To successfully create and manage a workload domain, Cloud Foundation requires a principal storage service for all ESXi hosts within the workload domain. Once a principal storage service has been provisioned and the workload domain has been created, supplemental storage can be provided to the workload domain using the vSphere Client.
Cloud Foundation uses and is validated against vSAN, NFS v3, and VMFS on FC for principal storage. The management domain requires vSAN for principal storage. You can use vSAN, NFS v3, or VMFS on FC for principal storage with VI workload domains. The type of principal storage used by the initial vSphere cluster in a VI workload domain is defined when the VI workload domain is created. For VI workload domains, you can add vSphere clusters that use a different type of principal storage than the type selected for the initial cluster when the VI workload domain was created. After a vSphere cluster has been deployed you cannot change to another storage type.
Using vSAN as the principal storage for all VI workload domains leverages the benefits of managing and maintaining a full software-defined stack. vSAN is also updated and patched through SDDC Manager lifecycle management. Updating and patching non-vSAN storage is a manual task and falls outside of SDDC Manager lifecycle management. To ensure supportability, non-vSAN storage and HBAs must be validated against the vSphere HCL.
Supplemental storage can be added to the management domain or a VI workload domain for the purposes of workload migration, backup and archive purposes. Cloud Foundation supports vVols, iSCSI, NFS (v3 or v4.1), and VMFS on FC as supplemental storage. See vSphere Storage for information about adding these storage types.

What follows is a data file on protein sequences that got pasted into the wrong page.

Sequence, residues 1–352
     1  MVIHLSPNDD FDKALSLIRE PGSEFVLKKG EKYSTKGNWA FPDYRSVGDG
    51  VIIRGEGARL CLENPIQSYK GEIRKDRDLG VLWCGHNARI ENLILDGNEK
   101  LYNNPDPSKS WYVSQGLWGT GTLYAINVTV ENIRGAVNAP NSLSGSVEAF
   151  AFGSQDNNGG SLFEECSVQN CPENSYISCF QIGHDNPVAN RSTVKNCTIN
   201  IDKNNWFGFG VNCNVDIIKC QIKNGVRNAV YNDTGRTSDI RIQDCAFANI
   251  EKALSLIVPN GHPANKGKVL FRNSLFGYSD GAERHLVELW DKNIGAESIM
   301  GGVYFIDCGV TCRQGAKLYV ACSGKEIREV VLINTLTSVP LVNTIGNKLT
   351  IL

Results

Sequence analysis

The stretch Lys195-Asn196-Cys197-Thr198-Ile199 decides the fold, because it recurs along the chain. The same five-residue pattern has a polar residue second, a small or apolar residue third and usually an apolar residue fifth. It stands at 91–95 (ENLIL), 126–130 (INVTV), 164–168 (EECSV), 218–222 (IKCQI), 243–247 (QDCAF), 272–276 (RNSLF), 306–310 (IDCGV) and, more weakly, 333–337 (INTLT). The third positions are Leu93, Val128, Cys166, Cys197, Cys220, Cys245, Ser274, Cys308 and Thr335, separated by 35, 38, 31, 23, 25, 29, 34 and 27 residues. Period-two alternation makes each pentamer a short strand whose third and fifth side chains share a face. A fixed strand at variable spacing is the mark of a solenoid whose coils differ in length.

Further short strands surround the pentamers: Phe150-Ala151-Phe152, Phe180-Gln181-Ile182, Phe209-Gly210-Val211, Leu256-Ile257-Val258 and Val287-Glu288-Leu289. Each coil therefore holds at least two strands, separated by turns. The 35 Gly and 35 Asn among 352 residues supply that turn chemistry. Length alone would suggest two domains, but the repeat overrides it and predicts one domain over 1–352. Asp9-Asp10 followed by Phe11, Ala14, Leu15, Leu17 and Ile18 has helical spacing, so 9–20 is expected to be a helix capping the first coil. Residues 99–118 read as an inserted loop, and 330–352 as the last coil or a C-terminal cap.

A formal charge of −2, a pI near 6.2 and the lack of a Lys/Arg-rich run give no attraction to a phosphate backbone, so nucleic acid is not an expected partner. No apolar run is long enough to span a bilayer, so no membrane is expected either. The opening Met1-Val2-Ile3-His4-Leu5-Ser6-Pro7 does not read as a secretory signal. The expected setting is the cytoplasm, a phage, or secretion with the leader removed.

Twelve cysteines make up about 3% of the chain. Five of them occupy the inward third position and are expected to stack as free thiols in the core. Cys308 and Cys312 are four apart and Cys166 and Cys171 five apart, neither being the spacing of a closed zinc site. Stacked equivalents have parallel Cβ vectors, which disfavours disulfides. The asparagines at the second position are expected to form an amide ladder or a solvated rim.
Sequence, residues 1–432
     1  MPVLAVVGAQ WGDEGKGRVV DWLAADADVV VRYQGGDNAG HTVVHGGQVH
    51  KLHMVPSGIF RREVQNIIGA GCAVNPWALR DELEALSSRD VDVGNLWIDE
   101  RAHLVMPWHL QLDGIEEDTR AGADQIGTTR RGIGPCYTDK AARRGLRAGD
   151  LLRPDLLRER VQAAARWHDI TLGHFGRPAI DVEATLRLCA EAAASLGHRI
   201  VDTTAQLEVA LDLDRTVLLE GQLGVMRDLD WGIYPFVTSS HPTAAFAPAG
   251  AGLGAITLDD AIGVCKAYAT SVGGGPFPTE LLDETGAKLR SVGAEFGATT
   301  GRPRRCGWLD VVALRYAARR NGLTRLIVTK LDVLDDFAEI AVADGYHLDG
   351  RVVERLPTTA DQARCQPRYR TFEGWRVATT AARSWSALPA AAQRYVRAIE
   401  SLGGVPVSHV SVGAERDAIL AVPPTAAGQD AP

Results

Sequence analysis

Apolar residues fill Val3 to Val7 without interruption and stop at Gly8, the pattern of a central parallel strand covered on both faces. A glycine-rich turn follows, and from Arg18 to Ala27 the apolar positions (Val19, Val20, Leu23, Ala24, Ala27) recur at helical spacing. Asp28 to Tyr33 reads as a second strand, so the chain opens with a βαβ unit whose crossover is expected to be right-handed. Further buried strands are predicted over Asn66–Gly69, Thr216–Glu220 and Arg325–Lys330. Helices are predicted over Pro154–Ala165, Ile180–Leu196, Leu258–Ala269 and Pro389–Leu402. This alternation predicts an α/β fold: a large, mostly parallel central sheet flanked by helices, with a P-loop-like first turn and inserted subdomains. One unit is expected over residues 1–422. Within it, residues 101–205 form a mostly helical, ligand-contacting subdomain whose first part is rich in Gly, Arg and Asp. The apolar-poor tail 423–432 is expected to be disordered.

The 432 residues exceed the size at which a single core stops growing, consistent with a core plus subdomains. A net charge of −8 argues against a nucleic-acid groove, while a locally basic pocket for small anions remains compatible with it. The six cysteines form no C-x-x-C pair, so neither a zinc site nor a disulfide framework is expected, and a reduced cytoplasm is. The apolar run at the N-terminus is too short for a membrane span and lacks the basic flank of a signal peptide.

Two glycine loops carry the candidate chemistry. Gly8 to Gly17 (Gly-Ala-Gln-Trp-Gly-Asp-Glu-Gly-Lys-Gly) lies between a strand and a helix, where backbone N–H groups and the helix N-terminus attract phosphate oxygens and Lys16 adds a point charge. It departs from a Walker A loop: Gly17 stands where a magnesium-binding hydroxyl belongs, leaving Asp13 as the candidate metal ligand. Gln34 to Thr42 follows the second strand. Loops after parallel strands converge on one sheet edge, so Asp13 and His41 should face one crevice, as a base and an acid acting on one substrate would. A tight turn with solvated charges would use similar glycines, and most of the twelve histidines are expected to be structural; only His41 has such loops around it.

Both the principal and supplemental storage must be listed in the VMware Compatibility Guide for vSphere Storage and validated by the storage vendor as a VMware Cloud Foundation supplemental storage solution. Supplemental storage is not managed by or integrated into SDDC Manager processes. Because Cloud Foundation manages lifecycle processes automatically and without direct intervention, any storage provided to a workload domain must not modify the workload domain hosts in such a way that maintenance mode or graceful guest shutdown requests are prevented or dependent upon another separate process or action. Additionally, since workload domains can be scaled up or down by adding or removing ESXi hosts, any storage provided to a workload domain must not prevent the processes used by SDDC Manager to add or remove hosts in vSphere clusters.
Storage requiring the use of VMware Installation Bundles (VIBs) is supported, provided the storage presented is vSAN, NFS, or VMFS on FC. However, VIBs which must be installed or upgraded after deploying or upgrading ESXi are not managed or maintained by Cloud Foundation. Work with your storage vendor to manage these VIBs.